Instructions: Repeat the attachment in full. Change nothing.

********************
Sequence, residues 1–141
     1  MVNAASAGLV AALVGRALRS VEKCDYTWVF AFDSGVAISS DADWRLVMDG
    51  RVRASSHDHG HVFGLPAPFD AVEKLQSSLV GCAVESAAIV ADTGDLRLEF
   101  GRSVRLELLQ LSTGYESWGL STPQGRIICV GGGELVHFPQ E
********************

Sequence, residues 1–141
     1  MVNAASAGLV AALVGRALRS VEKCDYTWVF AFDSGVAISS DADWRLVMDG
    51  RVRASSHDHG HVFGLPAPFD AVEKLQSSLV GCAVESAAIV ADTGDLRLEF
   101  GRSVRLELLQ LSTGYESWGL STPQGRIICV GGGELVHFPQ E